See note in Julius Cæsar, V, v. 347. Flights of angels. Malone thought that in writing these words
Shakespeare had in mind the last words of Essex in his prayer on the scaffold, 'And when my soul and body shall part, send Thy blessed angels to be near unto me, which may convey it to the joys of heaven.' But Hamlet is a somewhat earlier play than Malone supposed. It must have been the last words of Horatio that were in the last thoughts of Essex, or else they were so familiar to him for personal reasons as to shape his last expressions unconsciously to
himself'—Gerald Massey's Shakespeare's Sonnets, p. 487. 369. Casual—accidental, unintended, happening by chance. “If such
a thing as this is, shall perchance befalle to him at any time, as humane things are casuall'—R. Bernard's Terence, in Eng.
lish, 1598, p. 226, 1667. 382. Four captains, etc. The monument of Sir Francis Vere in
Westminster Abbey, 1608, finely exemplifies these lines, and
show that at that time this was the customary mode of burial
for a soldier of rank. 388. Take up the bodies ... here shows much amiss. Joseph
Hunter objects to the conclusion of this tragedy, that it exhibits a “pandering to the corrupt English taste in tragedy,' that the audience loves 'a clear stage.
• We start,' he says, 'with a ghost of a murdered king; then there die, the succeeding King, the Queen, Hamlet, Polonius and his two children, Laertes and Ophelia, Rosencrantz, and Guilden
Of the conspicuous characters only Horatio is left alive'-New Illustrations of Shakespeare, vol. ii, p. 207. But a distinguished Shakespearian critic defends the poet from this opprobrium by thus explaining the morale of the catastrophe: “The horrible harvest of death in the fifth act shows that aimless weakness, even though clad in the finest garb of intellectual keenness, spreads around it far more misery than the most inconsiderate violence'-F. Kreyssig's Vorlesungen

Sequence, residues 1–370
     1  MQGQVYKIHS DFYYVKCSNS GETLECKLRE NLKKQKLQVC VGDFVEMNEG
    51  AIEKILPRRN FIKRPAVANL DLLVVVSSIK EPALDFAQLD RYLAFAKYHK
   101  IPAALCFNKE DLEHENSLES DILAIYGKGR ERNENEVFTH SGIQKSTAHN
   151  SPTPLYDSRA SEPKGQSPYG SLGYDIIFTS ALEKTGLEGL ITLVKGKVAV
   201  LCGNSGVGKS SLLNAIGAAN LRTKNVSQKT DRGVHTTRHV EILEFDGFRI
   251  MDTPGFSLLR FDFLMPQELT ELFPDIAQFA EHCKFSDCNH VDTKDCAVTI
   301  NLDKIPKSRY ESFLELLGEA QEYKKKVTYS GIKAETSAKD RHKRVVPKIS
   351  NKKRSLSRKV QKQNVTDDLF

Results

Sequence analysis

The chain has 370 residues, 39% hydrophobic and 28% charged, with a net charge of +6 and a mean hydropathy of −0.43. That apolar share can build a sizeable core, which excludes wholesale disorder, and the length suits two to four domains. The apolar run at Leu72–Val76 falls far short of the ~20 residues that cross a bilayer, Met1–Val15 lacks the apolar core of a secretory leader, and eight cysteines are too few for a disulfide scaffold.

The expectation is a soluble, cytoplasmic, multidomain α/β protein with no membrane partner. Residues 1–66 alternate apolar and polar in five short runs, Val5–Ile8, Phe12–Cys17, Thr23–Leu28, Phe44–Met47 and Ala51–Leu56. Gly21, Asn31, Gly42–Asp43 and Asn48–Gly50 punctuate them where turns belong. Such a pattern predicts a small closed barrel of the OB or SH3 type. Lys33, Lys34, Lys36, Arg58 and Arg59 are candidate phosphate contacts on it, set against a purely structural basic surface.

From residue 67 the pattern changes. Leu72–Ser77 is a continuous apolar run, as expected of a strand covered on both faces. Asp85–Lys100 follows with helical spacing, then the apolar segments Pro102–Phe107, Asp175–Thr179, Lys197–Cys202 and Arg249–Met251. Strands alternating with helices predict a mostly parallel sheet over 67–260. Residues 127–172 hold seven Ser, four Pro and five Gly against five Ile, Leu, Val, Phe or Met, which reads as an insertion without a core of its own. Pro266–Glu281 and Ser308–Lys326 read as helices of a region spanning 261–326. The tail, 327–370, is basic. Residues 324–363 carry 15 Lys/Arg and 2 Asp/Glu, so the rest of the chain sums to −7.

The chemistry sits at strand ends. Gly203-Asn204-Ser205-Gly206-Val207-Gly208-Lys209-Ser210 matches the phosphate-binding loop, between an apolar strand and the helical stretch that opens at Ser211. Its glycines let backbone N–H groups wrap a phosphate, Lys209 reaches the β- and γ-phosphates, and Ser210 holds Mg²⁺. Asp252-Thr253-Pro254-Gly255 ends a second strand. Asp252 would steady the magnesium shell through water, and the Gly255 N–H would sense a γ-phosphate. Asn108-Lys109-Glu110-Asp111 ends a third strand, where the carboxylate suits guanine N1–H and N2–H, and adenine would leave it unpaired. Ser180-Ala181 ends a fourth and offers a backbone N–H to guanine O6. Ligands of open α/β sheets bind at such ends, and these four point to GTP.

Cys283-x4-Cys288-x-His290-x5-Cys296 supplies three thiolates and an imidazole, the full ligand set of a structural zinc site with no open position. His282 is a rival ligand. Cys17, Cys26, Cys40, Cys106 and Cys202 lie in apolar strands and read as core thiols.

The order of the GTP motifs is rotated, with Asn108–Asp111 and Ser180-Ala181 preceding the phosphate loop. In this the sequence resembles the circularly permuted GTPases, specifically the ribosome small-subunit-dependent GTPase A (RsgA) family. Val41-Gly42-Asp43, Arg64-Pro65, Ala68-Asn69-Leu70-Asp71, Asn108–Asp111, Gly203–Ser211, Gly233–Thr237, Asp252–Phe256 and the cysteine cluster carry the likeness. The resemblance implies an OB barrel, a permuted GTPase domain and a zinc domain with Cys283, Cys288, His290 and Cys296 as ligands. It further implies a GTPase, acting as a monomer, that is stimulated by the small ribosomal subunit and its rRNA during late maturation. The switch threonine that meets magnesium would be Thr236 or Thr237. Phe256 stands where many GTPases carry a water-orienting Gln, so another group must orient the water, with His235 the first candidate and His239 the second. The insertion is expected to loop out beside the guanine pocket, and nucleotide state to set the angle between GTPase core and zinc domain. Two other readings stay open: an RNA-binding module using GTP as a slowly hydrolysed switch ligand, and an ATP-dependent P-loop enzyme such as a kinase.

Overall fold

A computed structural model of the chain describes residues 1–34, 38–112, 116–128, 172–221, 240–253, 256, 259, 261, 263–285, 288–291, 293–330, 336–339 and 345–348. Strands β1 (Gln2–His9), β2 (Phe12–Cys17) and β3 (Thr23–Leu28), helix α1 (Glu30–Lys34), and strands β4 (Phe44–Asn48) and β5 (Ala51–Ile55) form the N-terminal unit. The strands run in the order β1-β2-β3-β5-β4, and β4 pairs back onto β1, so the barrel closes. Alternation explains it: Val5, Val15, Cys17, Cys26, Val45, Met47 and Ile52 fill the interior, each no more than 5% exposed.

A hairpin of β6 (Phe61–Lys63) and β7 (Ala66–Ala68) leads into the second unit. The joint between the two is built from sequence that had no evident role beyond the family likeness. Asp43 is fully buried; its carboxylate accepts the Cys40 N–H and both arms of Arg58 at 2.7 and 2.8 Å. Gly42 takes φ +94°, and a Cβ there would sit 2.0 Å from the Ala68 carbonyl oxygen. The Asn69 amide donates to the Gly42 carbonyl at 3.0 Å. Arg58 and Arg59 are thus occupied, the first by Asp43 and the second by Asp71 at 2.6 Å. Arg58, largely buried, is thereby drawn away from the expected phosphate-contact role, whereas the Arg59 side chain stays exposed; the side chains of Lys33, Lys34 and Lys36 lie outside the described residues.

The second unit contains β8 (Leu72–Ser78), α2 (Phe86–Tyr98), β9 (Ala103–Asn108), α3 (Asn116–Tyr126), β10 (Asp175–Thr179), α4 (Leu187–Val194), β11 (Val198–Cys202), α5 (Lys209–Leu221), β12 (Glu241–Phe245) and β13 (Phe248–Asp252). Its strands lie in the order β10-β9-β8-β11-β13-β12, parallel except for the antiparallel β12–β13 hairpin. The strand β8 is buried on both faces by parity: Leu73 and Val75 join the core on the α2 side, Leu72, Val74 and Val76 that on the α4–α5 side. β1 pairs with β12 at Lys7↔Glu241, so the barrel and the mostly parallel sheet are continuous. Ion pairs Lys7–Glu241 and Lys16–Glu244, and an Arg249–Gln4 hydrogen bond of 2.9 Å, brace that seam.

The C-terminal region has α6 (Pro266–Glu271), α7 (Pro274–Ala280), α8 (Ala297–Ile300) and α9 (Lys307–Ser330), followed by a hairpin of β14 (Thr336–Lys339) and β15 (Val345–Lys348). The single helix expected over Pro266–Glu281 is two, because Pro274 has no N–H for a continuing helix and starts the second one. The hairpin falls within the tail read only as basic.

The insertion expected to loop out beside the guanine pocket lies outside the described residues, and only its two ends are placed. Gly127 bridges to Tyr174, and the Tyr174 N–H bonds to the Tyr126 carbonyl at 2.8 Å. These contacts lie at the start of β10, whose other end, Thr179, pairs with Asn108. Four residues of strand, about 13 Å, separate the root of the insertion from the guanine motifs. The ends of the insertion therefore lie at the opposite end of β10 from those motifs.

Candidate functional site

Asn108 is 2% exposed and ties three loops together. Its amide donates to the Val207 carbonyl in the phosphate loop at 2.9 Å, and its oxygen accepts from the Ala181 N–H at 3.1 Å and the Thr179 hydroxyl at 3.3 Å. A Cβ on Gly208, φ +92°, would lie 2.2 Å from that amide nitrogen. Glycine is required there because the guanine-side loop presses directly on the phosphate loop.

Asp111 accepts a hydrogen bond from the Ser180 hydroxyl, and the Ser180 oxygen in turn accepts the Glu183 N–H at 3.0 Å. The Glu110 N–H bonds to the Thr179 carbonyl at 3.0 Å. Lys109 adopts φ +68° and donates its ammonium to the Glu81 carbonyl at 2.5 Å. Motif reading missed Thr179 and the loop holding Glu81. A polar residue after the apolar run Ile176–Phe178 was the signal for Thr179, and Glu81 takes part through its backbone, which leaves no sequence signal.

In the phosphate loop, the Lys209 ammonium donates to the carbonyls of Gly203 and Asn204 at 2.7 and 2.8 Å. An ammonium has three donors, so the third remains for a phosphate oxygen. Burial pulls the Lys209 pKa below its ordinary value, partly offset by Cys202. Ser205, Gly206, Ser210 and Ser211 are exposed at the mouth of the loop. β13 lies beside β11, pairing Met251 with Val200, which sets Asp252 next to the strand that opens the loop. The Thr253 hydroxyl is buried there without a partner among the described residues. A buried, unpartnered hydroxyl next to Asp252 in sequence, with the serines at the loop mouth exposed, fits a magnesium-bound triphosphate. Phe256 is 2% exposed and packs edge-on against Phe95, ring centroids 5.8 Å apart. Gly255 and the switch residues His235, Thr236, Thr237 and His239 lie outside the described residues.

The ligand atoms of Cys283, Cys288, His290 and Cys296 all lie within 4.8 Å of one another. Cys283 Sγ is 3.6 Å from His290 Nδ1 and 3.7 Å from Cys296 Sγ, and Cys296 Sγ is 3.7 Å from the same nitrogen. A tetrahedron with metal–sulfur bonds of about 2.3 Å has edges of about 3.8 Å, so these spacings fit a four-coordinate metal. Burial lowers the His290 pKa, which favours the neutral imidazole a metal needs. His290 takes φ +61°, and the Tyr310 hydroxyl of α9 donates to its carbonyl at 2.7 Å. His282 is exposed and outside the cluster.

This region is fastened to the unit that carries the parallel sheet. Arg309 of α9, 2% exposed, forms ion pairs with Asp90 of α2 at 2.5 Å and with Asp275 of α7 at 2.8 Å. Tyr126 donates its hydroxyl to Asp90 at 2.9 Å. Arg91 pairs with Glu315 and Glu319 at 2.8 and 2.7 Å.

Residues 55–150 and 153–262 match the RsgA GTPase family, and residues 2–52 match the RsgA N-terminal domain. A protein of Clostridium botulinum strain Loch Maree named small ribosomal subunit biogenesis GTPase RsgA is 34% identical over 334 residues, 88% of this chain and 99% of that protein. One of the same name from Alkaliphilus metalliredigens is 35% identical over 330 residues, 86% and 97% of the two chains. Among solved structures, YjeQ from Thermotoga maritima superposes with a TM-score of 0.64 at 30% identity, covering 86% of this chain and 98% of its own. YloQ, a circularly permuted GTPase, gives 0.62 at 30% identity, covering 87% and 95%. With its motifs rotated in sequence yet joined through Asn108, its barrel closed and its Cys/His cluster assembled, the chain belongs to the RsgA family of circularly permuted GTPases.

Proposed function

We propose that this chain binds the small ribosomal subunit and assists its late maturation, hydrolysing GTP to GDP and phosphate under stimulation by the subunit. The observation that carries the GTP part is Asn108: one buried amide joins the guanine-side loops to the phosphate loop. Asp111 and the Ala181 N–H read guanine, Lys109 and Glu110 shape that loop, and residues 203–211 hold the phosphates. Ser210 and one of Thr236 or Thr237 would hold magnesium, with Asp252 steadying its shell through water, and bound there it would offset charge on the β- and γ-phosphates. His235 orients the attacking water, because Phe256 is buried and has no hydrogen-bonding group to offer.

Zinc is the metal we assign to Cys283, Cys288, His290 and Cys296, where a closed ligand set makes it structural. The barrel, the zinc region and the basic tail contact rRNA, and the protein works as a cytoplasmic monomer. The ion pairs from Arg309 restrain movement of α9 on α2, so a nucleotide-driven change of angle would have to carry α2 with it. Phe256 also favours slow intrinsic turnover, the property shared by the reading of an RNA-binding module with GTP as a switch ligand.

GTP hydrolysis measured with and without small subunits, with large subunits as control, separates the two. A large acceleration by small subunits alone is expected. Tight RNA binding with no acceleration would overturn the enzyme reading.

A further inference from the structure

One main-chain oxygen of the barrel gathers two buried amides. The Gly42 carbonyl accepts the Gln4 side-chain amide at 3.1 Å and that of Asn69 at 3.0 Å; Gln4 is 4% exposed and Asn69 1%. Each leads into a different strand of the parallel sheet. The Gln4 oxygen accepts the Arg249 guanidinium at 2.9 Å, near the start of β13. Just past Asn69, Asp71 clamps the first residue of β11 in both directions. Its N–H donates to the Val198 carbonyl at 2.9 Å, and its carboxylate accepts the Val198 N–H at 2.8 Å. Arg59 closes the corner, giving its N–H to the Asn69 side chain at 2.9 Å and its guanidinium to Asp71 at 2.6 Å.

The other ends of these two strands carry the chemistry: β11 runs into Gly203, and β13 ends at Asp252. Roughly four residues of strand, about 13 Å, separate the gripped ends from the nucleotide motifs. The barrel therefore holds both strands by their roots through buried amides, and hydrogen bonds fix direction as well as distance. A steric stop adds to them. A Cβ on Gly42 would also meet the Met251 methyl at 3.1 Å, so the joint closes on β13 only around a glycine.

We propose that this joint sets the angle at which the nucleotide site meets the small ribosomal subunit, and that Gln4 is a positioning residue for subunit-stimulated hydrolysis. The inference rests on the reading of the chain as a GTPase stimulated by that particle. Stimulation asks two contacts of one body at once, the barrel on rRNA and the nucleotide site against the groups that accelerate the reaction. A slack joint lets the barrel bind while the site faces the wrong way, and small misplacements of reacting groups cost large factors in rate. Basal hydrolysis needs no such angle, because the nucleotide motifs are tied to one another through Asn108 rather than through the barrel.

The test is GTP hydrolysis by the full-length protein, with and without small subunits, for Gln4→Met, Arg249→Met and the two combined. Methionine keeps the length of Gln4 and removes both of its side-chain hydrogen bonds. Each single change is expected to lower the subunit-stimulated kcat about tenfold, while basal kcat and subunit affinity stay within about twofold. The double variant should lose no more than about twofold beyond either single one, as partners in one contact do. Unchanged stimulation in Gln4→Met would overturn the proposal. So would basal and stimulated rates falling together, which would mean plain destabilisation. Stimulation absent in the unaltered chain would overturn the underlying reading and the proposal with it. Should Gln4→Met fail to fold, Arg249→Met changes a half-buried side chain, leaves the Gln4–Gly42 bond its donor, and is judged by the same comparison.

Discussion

über Shakespeare, p. 263, 390. Bid the soldiers shoot. 'Hamlet has gained the haven for
which he had longed so often, yet without bringing guilt on himself by his death; no fear that his sleep should have “bad dreams in it now. Those whom he loved, his mother, Laertes, Ophelia, have all died guiltless or forgiven. Late, and under the strong compulsion of approaching death, he has done, and well done, the inevitable task from which his gentle nature shrank. Why then any further thought in the awful presence of death, of crimes, conspiracies, vengeance? Think that he has been slain in battle like his sea-king forefathers, and let the booming cannon be his mourners '-Rev. C. E. Moberly, M.A., Rugby Hamlet,
p. 137. Ib. A dead march. Might we not almost fancy that the following
lines were written as an epilogue for Hamlet, to the music of this dead march?
* Your monument shall be my gentle verse,
APP E N D I X.
HAMLET asks the gravedigger (V, i, 130) 'How long hast thou been a grave-maker ?'. He answers: 'Of all the days i' the year, I came to't that day that our last King Hamlet o'ercame Fortinbras.' Hamlet questions again: 'How long is that since ?' And is retorted to thus : 'Cannot you tell that ? every fool can tell that: it was the ery day that young Hamlet was born-he that is mad and sent to England.' Further on, this privileged person says: 'I have been sexton here, man and boy, thirty years' (148); and referring to Yorick's skull, tells that it has lain in the earth three and twenty years' (159). Hamlet's thoughts then rush back to the time when he ‘knew him,' etc. These quotations seem to make it certain that Hamlet is thirty years of age. To readers of the play who have time to note, mark, reflect on, and consider each statement—the inference is plain. But the Drama is an illusion. It represents life in an 'abridgment,' and must be performed under definite conditions, one main feature of which is the actor's per. sonality. Any very obvious discrepancy between what is seen and said so far destroys the pleasure of the abstract and brief chronicle.' The author, by his art, must conserve the probability of his representation and must avoid any jarring between the real and the ideal. Shakespeare knew this, and therefore he guards against an occurrence of that sort. So, unless we accept Mr H. Wyatt's fine suggestion of faint for fat, or Herr Plewe's conjecture of hot for the same word, in the expression, 'He's fat and scant of breath' (V, ii, 273), he anticipates the actual in Burbadge's performance of the part, and brings in a saving-clause regarding it. Nevertheless, the whole upbuilding of the character as he is brought before us gradually in the play, is such as to induce an idea of youthful manliness. He is first spoken of as 'young Hamlet' (I, i, 167), as 'intent in going back to school in Witten. berg' (I, ii, 113). Laertes advises Ophelia to 'hold' his favour,' as